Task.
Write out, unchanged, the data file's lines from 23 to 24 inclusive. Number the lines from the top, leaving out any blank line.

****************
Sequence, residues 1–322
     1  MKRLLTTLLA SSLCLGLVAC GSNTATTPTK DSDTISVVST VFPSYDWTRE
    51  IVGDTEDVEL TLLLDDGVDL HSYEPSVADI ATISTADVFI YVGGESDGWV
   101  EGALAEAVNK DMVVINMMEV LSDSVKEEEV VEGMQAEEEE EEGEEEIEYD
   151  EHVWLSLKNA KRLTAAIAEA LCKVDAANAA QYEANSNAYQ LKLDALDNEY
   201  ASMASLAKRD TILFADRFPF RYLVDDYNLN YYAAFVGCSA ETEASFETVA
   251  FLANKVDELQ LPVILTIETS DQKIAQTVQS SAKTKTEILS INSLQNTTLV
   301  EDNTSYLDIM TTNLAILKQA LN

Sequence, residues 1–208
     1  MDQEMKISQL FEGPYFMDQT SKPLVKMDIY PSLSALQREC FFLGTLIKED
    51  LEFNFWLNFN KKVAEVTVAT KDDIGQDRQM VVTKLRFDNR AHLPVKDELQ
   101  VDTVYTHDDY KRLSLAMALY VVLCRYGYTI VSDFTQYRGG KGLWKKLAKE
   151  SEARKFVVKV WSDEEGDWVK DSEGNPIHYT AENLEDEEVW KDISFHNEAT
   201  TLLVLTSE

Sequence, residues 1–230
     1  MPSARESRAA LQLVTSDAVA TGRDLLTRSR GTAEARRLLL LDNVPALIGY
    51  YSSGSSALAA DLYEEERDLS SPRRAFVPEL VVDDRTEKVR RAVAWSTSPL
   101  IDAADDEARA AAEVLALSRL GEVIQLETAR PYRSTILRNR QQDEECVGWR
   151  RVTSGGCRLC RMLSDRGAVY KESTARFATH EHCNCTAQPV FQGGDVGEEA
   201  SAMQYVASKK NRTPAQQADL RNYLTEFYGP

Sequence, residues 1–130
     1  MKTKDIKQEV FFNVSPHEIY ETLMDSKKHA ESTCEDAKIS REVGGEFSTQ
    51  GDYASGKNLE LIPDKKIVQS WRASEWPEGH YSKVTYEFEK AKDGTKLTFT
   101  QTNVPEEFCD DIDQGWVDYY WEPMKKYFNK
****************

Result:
    51  GDYASGKNLE LIPDKKIVQS WRASEWPEGH YSKVTYEFEK AKDGTKLTFT
   101  QTNVPEEFCD DIDQGWVDYY WEPMKKYFNK